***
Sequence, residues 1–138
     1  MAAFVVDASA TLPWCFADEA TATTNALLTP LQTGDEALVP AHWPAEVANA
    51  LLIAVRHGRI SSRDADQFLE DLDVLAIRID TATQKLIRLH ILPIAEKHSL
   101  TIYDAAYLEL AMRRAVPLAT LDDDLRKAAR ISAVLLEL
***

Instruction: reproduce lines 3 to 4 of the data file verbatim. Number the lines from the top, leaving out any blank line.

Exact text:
    51  LLIAVRHGRI SSRDADQFLE DLDVLAIRID TATQKLIRLH ILPIAEKHSL
   101  TIYDAAYLEL AMRRAVPLAT LDDDLRKAAR ISAVLLEL